The book contains many a character sketch of fellow inmates and the bonds formed between people in jail. Ferreira describes a fellow prisoner whose “cravings for the outside world were chronic,” and would complain of an allergic rash that needed immediate treatment every other day. All the man wanted was human contact. Ferreira himself was subjected to long stretches of solitary confinement in the infamous ‘anda barrack’, which he describes in meticulous detail.

From detailing the treatment meted out to newcomers, to highlighting the pecking order in a jail, and the importance of proximity to a ‘bhai’ who could ensure one got oneself decent bedding and a spot to sleep, Ferreira’s book chronicles the near-complete breakdown of India’s prison system.

While torture is illegal, Ferreira writes of it in detail. He speaks of how betterinformed prisoners had to read the jail manual to their captors who were often ignorant of provisions of the law.

He speaks of rations that are meant to reach prisoners but get lost in transit.

Amongst the most poignant parts of the book are his descriptions of his meetings with his family. He writes about how he was told of the antics of his little son whose growing years he missed and of how he skirted questions on beatings and abuse so as not to upset his parents “Were you beaten badly?” my mother asked.

Dad sat silently beside her, avoiding direct eye contact. If I were to answer truthfully, it would only cause them more pain.

“No. It’s all part of the struggle,” I said, trying to change the flow of the conversation.

Sep 26 2014 : The Times of India (Mumbai)

My Prison Diaries


DemocracyHung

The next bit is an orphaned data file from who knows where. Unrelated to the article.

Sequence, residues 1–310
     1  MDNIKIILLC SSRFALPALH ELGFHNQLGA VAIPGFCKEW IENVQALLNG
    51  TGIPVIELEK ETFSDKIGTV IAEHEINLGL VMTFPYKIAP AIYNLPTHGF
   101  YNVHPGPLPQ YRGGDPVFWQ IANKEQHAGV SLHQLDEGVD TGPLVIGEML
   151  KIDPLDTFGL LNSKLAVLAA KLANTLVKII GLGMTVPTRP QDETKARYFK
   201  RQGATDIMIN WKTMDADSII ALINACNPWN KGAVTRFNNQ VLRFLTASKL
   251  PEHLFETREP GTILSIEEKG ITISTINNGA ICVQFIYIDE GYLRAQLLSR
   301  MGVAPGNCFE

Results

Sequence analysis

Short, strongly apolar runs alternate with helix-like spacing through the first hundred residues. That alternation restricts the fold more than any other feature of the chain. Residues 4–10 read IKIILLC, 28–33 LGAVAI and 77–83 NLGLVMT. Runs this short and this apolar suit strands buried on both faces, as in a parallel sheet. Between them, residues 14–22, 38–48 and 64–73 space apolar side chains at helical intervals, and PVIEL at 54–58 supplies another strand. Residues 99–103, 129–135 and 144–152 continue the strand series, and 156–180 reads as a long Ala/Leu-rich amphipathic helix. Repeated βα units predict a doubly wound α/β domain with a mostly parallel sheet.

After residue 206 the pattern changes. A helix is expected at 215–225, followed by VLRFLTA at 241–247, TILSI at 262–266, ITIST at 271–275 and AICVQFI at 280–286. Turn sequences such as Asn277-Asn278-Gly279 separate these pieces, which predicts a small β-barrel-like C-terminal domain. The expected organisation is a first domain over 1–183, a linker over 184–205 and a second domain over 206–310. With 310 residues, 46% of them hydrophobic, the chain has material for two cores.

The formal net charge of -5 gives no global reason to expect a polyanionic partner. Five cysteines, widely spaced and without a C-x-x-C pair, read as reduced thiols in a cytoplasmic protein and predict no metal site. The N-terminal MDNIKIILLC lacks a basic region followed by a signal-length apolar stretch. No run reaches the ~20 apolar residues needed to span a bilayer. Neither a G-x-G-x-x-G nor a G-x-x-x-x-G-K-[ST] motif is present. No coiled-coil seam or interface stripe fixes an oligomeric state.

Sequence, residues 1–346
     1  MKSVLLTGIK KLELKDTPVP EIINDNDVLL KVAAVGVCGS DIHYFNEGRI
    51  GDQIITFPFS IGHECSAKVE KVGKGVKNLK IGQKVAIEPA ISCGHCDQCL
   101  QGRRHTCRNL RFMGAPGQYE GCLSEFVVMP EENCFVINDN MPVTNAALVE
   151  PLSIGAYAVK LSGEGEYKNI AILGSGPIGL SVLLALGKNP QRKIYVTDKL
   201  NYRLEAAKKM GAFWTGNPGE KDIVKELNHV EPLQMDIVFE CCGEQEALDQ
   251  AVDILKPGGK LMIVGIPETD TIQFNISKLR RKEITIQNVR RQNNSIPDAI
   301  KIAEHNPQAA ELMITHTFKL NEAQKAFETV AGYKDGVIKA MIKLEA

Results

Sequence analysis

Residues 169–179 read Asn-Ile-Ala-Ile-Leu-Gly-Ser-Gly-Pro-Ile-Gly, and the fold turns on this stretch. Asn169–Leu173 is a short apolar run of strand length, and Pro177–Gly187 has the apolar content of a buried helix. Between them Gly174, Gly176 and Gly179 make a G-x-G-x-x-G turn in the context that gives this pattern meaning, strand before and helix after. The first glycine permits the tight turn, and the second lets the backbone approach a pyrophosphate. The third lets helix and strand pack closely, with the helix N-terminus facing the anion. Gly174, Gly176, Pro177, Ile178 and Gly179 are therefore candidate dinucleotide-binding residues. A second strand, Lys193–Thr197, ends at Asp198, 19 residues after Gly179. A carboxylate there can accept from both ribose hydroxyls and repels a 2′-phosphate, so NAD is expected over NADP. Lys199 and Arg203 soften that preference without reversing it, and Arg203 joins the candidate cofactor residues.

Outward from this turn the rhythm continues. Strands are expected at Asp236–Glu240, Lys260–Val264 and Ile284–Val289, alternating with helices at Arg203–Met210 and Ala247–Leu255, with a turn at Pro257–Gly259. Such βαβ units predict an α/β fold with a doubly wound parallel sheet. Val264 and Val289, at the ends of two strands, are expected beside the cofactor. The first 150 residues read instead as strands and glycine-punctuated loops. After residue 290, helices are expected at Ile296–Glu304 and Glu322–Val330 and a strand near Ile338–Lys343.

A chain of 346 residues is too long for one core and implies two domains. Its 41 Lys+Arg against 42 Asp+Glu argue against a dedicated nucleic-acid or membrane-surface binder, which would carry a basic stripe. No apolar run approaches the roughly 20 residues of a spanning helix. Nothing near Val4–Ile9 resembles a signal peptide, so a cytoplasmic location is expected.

Mumbai-based activist Arun Ferreira kept a prison diary during his incarceration in Nagpur Central Jail. We reproduce here a  shortened version of his experiences and some of the sketches he drew in prison
Hell
Prison nurtures spirituality. It has the merit of at least temporarily inducing the type of peace obtained by casting your lot with the supernatural (Illustration: ARUN FERREIRA)

Prison nurtures spirituality. It has the merit of at least temporarily inducing the type of peace obtained by casting your lot with the supernatural (Illustration: ARUN FERREIRA)

After spending about five years in jail, Mumbai-based activist Arun Ferreira was released on bail in January this year. In May 2007, he was arrested in Nagpur on charges of being a Naxalite. The police claimed that he along with a senior Naxal leader, Ashok Satya Reddy alias Murali, was planning to blow up the historical Deekshabhoomi complex (where Babasaheb Ambedkar embraced Buddhism in 1956). In September 2010, he was acquitted of all charges by a Nagpur court, but was re-arrested by plainclothes policemen and charged with an alleged crime that occurred when Ferreira was locked up in jail. An alumnus of Mumbai’s St Xavier’s College, 39-year-old Ferreira kept a prison diary during his incarceration in Nagpur Central Jail. We reproduce here a  shortened version of his experiences and some of the sketches he drew in prison.

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The anda barracks are a cluster of windowless cells within the high-security confines of Nagpur Central Jail. To get to most cells from the anda entrance, you have to pass through five heavy iron gates, [and] a maze of narrow corridors and pathways. There are several distinct compounds within the anda, each with a few cells, each cell carefully isolated from the other. There’s little light in the cells and you can’t see any trees. You can’t even see the sky. From the top of the central watch tower, the yard resembles an enormous, airtight concrete egg. But there’s a vital difference. It’s impossible to break it open. Rather, it’s designed to make inmates crack.

The anda is where the most unruly prisoners are confined, as punishment for violating disciplinary rules. The other parts of Nagpur jail aren’t quite so severe. Most prisoners are housed in barracks, with fans and a TV. In the barracks, the day-time hours can be quite relaxed, even comfortable. But in the anda, the only ventilation is provided by the gate of your cell, and even that doesn’t afford much comfort because it opens into a covered corridor, not an open yard.